Football: Johnson comes out fighting to defend his Everton record

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Everton's troubled start to the season meant there was a record turn-out for last night's annual general meeting.

Guy Hodgson was there as the chairman made his case while supporters struggled to be heard.

Some teams reflect the personality of their manager. Everton have taken on the character of their shareholders' annual meeting. They came to attack the chairman last night but, face to face with him, they saw their opening and the chance went begging.

The mood was hostile and that was just on the pavements outside Goodison as participants were issued with a rain forest worth of paper from protesters. Inside, while Barnsley were trying 80 miles away to dump Everton on the bottom of the Premiership, some 400 were in the Alex Young Suite - more than double the previous best - baying for boardroom blood.

"We will ask the questions the supporters want," the shareholders' association had promised. "Why, when we are supposed to be a Big Five club, are we rubbish?" would have been on top of most agendas but that, like so many other comments, never made it to the microphone. Only a small sample were heard and these were replied to politely with: "I'm sure all those comments are being noted".

Johnson, who has a 68 per cent holding in the club, confronted his accusers with an arsenal of statistics that dealt in turn with his lack of spending; the suggestion the club is definitely and imminently moving to a new stadium in Cronton Colliery; and the time he is devoting to the club.

"People want to know about my cheque book," he said, "but I have spent more personally than any other Premier League chairman. I have supplied the money but I don't buy the players. These numbers speak for themselves."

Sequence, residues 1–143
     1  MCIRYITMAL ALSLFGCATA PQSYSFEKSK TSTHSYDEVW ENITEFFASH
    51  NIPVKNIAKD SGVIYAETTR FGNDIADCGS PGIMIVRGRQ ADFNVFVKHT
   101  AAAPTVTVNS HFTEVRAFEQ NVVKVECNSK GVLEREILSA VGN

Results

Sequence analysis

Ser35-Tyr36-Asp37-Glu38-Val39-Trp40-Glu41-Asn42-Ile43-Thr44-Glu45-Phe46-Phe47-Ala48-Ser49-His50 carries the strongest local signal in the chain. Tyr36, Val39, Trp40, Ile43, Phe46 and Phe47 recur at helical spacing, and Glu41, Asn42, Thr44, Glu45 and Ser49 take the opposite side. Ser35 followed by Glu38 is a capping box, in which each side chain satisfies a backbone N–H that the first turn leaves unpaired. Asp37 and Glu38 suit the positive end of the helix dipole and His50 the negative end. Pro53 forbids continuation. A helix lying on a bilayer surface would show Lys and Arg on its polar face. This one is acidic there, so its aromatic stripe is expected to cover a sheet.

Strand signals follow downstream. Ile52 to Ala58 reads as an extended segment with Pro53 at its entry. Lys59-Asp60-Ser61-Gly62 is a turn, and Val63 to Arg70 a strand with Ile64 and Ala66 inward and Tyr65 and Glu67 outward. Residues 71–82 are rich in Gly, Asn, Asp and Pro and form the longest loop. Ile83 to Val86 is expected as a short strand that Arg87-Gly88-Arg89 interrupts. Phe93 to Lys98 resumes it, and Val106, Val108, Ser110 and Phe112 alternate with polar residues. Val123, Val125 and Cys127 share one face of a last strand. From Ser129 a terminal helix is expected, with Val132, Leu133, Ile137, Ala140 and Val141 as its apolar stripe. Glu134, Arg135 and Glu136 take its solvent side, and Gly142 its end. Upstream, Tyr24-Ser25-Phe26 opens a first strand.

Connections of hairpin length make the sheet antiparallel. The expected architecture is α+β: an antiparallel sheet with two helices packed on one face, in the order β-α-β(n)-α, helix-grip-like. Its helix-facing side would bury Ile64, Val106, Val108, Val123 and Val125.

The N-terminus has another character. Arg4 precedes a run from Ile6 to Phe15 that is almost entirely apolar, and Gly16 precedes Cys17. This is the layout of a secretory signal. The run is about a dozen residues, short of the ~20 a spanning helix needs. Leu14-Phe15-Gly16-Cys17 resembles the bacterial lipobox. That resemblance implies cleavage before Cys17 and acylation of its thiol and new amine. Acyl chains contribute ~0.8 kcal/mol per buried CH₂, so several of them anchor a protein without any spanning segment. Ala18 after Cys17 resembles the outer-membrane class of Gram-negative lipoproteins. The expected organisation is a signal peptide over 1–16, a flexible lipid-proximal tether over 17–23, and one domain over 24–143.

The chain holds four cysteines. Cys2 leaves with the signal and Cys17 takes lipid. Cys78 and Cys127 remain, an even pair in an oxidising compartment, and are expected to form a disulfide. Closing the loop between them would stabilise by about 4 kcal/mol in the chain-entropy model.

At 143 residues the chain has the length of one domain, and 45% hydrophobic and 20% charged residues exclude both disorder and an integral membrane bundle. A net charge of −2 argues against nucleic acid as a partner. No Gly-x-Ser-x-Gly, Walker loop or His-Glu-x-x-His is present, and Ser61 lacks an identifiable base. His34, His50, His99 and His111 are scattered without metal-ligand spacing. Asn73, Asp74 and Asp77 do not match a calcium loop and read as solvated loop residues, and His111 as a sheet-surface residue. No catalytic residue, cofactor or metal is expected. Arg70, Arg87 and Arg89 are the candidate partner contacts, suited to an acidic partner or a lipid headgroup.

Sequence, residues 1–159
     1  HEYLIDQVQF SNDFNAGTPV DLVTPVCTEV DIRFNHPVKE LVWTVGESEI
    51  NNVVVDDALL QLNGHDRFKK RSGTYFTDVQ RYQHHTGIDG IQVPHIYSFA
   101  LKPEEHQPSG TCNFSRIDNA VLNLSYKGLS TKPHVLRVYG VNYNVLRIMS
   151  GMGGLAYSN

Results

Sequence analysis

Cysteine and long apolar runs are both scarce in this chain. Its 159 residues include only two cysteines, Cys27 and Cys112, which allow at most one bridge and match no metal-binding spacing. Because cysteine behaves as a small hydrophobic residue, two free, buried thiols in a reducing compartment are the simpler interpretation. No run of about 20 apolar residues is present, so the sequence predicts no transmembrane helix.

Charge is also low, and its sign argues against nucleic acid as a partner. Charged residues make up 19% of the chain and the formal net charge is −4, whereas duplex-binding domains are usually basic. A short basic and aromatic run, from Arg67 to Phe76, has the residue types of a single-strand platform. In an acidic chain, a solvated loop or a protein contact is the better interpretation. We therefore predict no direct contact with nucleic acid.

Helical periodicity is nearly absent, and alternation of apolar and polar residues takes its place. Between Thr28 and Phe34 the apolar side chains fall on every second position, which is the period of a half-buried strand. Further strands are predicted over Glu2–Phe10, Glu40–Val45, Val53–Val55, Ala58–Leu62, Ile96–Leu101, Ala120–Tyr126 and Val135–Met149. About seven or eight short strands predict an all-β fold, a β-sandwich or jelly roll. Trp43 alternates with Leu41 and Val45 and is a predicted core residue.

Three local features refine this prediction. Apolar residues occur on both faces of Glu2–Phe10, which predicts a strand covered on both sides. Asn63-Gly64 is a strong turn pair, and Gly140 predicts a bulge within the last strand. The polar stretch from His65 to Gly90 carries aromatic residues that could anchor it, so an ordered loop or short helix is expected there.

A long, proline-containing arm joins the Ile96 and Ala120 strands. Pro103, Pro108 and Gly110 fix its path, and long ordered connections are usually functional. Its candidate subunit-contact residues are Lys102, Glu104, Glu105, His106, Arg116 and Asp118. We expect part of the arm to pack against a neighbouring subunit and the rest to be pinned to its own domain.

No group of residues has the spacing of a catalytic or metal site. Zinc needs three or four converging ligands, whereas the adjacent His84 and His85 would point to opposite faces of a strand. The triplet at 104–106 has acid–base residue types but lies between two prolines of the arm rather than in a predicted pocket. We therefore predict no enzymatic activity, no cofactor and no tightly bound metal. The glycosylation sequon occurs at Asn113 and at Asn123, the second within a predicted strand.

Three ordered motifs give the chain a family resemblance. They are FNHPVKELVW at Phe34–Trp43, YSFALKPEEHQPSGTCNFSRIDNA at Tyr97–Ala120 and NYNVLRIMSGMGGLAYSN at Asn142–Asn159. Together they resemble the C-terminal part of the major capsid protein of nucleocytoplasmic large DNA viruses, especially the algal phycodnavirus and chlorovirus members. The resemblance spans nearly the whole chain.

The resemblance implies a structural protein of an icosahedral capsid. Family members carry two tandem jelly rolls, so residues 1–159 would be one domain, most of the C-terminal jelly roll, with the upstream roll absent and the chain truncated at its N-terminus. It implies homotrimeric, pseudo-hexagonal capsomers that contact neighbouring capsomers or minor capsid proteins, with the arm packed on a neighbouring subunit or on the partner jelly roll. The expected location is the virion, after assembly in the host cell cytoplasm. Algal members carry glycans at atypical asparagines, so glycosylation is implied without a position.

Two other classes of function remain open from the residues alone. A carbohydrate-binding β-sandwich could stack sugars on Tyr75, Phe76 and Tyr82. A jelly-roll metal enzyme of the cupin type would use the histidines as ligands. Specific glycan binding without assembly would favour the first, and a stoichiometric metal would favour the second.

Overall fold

Managers past, who could not speak for themselves, were being put in the frame. The numbers showed that since Johnson became chairman in 1994 Everton have spent pounds 43.1m, more than any other club but Arsenal. Put in terms of outlay against transfer fees received and his argument was even more persuasive, pounds 26.7m compared to Liverpool's pounds 20.7m and Manchester United's pounds 400,000.

"There has been an unprecedented investment in players," he added. "Since the summer we have spent pounds 12m which is more than Liverpool spends all year." With the club in the relegation zone and with one point from six matches it hardly needed saying that there were doubts about the quality of the purchases.

Johnson also revealed that the club would not make a decision to leave Goodison until the shareholders had been consulted, probably this spring, while he was curtailing his other business activities to concentrate on running the club.

The hissing sound was not the expected vilification but the wind coming out of angry sails and the shareholders resorted to guerrilla tactics rather than a full-frontal assault. The re-election of Sir Desmond Pitcher - he of fat-cattery fame - was voted down in the meeting (26,741 to 1,847) in a card vote. A gesture had been made but at a cost; the time spent counting meant fewer questions could be asked. Labour Party conferences used to be like this.

The role of the angry Arthur Scargill was taken by Norman Dainty, the shareholders' representative. Some of the criticism of Johnson had been "grossly unfair", he agreed, but was that going to stop him? Of course not.

"There is a complete absence of communication at this club," he said. "We deserve answers to questions." He then wondered why the club were "deeply in debt" when there were average gates of 36,000, a megastore splitting at the seams and wages comparatively low. Why was there no new chief executive? Where is the pride in Everton?

"If your businesses had been run like this club," he said producing the final barb, "they would have gone bankrupt years ago." Ouch, but Johnson must have been expecting far worse.

With time running out he could step out of the firing line and let manager Howard Kendall take the stage to prolonged clapping. Johnson had stage- managed the whole event so well he could have been forgiven for thinking the applause was for himself.

"It's not our club any more," one supporter grumbled on the way out. "I half-feel like throwing my season ticket away." If the preceding meeting had been indicative there would have been no point aiming for the bin. He would have missed.